Two Harvard deans sat down with the Gazette late last week to talk about the impending change to the House master title that was announced at the Dec. 1 faculty meeting, and to relate the thinking behind the switch.Michael D. Smith, Edgerley Family Dean of the Faculty of Arts and Sciences (FAS) and John H. Finley Jr. Professor of Engineering and Applied Sciences, has led the FAS since 2007. He has been a member of the Harvard faculty since 1992.Rakesh Khurana, Danoff Dean of Harvard College, assumed the role in July 2014. He is also the Marvin Bower Professor of Leadership Development at Harvard Business School, professor of sociology in the Faculty of Arts and Sciences, and co-master of Cabot House. Khurana has been a member of the Harvard community for 16 years, earning his Ph.D. from the Graduate School of Arts and Sciences in 1998. As Cabot House co-masters, Khurana and his wife, Stephanie, have lived in the House with their three children and 375 undergraduates since 2010. GAZETTE: What is the role of a House master?KHURANA: Each of Harvard College’s residential Houses is co-led by a senior faculty member and their partner, traditionally called House masters, who work together to foster a tight-knit community that supports and encourages our students’ personal and intellectual growth and well-being.GAZETTE: How did the request to change the House master title come about?KHURANA: The House leaders have been considering the possibility of changing their titles for quite some time — well before I was a House master, and I believe even before Dean Smith’s deanship began nine years ago. My understanding is that the general feeling has been that the title causes discomfort, both for those serving as House masters and for many of our students, and that it doesn’t fully communicate the responsibilities of the role and how it has evolved. GAZETTE: What is uncomfortable about the title?KHURANA: It’s an ancient word that is now being used in a 21st-century context, and that layers on new meanings that we have to grapple with. “Master” is rooted in the Latin term magister, a form of address for scholars and teachers that ties back to the medieval universities of Europe. But when we use it in the context of a university in the United States — a country with a history of slavery and of racial discrimination — that adds meaning and significance to the term that we can’t easily dismiss by focusing narrowly on its classical roots. There are many symbols and words in the English language that have morphed from their original meanings and usages. Some have become associated with odious ideas or are used in a derogatory way.SMITH: I agree. In our country, with our history, I can’t call someone in an oversight role “master” without having images of human subjugation come to mind. But I don’t have this association when I congratulate a student on attaining a master of arts or on the mastery of a subject. Mastery over people is what is at issue here. I have long reacted emotionally to this traditional title because I cannot simply delete from my mind the additional context provided by our nation’s history. GAZETTE: Why is this change just happening now if it’s been in discussion for several years?KHURANA: Recent events on our campus and across the country have renewed our conversations and inspired us to take action. Now that we have approval from Dean Smith to move forward, we are beginning a process in which members of the House leaders’ docket committee, working with a senior College team member and the House leadership community as a whole, will suggest a new title that reflects the current realities of the role. We feel this change will be small but meaningful in our continuing efforts to build a culture of inclusion on our campus.GAZETTE: The term “House master” also celebrates Harvard’s connection to Oxford and Cambridge universities. Will House leaders consider this as they explore a new title?SMITH: Our faculty House leaders are certainly looking at opportunities to continue to celebrate this connection, but in a manner that is appropriate for our time and our history. I’m certain we will find a way to preserve these roots.GAZETTE: Do you think changing the House master title will have an impact on campus?KHURANA: Yes. Words matter. They shape our opportunities, our self-perceptions, and our possible futures. They can open doors, and they can shut them. They can help build a community that belongs to all of us, or they can delineate difference and assert privilege or create boundaries between people. Will changing words right every wrong and solve every problem? Of course not. But decisions like these can play an important part in the long-term process of institutional change. One of the great things about Harvard is that we don’t follow tradition blindly or without thought. Indeed, the fundamental nature of a liberal education teaches us that tradition has to be in conversation with the present. Otherwise it is simply a mechanical, empty ritual. The shared dialogue about our Houses helps renew and reanimate the meanings.SMITH: There are very thoughtful conversations taking place on our campus today, and on this particular issue, I have learned — learned a great deal, in fact — from listening to our students, faculty, and staff. I am particularly proud of the way our students are approaching these difficult discussions. Harvard has often spoken about the learning that can take place when we bring an incredible diversity of opinions, backgrounds, and experiences together. A fellow dean once told me that we should be generous listeners at times like these, in an environment like ours. He was right. My understanding of the emotional, cultural, and personal meanings of words has grown, impacting me and my thinking in significant ways.GAZETTE: You mention this is one small part of continuing efforts to build a culture of inclusion on campus. What other opportunities or activities are underway?KHURANA: As you hopefully know, the College issued the final report of the Working Group on Diversity and Inclusion last month. It offers recommendations for how we can support our students, pointing out that while the College has made progress, we have much more work to do. I am proud of some of the initiatives that are already underway. For example, in September, the Office of Student Life introduced a revamped system for reporting issues of bias that now includes an option to submit anonymously. We have designed a cultural competency training program that was implemented last June with a small group of College staff and that will repeat this spring. And we have also scheduled trainings for the Administrative Board and Honor Council.SMITH: Beyond the Faculty of Arts and Sciences, President [Drew] Faust also issued a statement about the importance of inclusion on our campus, in which she committed to looking at opportunities for University-wide efforts.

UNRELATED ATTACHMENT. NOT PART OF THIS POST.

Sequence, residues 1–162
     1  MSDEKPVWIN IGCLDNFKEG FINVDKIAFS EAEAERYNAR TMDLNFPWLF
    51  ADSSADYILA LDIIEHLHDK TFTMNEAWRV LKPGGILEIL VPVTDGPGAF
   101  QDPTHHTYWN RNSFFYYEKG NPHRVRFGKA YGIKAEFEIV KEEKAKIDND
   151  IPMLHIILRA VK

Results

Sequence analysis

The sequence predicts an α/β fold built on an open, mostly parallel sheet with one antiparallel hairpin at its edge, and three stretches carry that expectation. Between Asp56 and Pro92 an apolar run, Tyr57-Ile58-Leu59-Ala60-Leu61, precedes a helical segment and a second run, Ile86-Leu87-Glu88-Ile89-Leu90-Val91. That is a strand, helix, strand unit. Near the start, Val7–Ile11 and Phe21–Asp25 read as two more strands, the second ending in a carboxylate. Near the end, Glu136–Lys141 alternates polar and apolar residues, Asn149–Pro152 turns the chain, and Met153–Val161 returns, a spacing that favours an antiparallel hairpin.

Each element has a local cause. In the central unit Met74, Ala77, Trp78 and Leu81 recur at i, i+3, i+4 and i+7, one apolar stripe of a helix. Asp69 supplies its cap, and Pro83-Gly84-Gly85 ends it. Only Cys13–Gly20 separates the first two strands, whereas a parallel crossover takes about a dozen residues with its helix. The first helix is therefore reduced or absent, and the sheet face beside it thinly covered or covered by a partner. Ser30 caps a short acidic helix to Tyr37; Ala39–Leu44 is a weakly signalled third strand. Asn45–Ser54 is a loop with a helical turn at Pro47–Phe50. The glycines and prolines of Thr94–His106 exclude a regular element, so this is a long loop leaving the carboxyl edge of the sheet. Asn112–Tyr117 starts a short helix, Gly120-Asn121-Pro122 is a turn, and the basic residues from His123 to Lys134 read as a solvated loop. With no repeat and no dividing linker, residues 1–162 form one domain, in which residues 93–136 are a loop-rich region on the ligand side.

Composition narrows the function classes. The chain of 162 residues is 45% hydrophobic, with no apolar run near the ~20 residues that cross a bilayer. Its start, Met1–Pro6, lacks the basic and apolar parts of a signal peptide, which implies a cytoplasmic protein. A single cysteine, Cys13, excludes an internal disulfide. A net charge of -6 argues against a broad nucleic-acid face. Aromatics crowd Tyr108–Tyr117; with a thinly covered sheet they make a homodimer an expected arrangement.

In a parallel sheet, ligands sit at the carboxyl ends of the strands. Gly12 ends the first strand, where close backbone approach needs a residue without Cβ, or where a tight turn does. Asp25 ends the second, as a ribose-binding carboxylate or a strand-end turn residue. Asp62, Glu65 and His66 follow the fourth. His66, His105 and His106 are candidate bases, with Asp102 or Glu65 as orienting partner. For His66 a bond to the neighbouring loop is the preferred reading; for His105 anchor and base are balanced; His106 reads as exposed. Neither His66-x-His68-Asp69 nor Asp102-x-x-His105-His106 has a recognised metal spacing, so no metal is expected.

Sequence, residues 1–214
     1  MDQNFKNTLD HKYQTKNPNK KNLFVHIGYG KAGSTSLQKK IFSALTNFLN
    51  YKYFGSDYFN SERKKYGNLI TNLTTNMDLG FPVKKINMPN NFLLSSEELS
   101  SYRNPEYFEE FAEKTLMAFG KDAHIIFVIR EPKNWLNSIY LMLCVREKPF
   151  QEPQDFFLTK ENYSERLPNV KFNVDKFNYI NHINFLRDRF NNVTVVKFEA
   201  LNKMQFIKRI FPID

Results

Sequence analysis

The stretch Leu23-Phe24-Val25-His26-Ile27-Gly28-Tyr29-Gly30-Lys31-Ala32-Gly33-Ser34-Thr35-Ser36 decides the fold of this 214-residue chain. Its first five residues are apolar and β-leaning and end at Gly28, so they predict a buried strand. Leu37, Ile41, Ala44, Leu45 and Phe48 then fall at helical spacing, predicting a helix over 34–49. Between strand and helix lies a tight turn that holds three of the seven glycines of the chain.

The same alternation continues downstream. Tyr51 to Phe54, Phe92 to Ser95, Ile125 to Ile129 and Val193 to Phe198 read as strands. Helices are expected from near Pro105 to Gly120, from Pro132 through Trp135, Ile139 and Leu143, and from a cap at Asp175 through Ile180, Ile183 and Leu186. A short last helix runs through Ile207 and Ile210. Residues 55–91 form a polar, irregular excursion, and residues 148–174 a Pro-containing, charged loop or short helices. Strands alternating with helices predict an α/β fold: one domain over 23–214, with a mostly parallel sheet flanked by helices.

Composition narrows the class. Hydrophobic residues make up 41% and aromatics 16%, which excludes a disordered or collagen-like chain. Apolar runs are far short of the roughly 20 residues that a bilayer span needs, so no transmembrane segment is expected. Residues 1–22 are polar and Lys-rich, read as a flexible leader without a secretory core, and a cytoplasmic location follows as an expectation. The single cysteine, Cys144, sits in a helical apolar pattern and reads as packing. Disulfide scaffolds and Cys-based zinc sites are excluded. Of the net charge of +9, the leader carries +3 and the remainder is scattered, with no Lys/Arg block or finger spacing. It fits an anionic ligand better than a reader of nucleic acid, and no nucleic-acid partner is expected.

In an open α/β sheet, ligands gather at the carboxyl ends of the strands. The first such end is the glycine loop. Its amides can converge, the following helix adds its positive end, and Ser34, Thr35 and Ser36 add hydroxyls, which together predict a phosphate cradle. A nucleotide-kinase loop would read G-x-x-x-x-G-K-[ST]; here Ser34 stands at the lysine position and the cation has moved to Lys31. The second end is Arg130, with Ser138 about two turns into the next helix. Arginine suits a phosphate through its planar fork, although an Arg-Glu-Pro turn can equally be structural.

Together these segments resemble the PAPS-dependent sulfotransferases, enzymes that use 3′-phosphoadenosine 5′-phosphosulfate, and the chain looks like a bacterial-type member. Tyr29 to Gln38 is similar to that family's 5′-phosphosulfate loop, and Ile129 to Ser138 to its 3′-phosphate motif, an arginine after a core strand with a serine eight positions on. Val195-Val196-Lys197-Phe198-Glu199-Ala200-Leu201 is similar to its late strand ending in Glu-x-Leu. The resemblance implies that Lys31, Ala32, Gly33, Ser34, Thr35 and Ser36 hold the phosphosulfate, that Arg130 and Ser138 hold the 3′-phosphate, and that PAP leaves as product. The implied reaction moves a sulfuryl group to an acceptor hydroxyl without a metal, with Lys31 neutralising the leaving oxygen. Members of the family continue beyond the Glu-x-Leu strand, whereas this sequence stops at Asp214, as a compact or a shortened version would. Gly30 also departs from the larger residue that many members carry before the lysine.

Chelsea boss, Frank Lampard, has admitted they’ve missed N’Golo Kante this season. “Looking forward, whenever a restart comes we want to get him in the best shape, want to get Ruben Loftus-Cheek in the best shape. “We’ve had slightly different plans for them but they’ve been scuppered with what we’ve had to do. The players’ health comes first, the mental well-being of the players comes first. “We obviously need N’Golo Kante back in our team, one of the best players in the world. I knew that before I became manager of Chelsea and know that now from working with him. read also:Barcelona prepare ambitious Coutinho – Kante swap deal “I haven’t been able to have him much this year and going forward we, of course, want him fit and raring to go.” FacebookTwitterWhatsAppEmail分享 Promoted Content20 “The Big Bang Theory” Moments Only A Few Fans Knew AboutWorld’s Most Delicious FoodsA Hurricane Can Be As Powerful As 10 Atomic BombsPortuguese Street Artist Creates Hyper-Realistic 3D Graffiti6 Incredibly Strange Facts About HurricanesBirds Enjoy Living In A Gallery Space Created For Them6 Interesting Ways To Make Money With A DroneBest & Worst Celebrity Endorsed Games Ever MadeCan You Imagine Quitting A Role Because Of Dislike For W. Smith?Couples Who Celebrated Their Union In A Unique, Unforgettable WayCan Playing Too Many Video Games Hurt Your Body?9 Facts You Should Know Before Getting A Tattoo Loading… Lampard has lamented the influential Frenchman’s absence at spells this season. “We had four or five of those (injured players) when we finished playing recently,” he told BT Sport. “N’Golo Kante is obviously a great example because he’s played four or five incredible seasons in terms of his individual success and he’s been used quite rightly by his managers a lot “This season he’s played only about 40% of our games and even then it’s been difficult for him and I’ve really felt for him on an individual level. He’s been a huge miss for us.Advertisement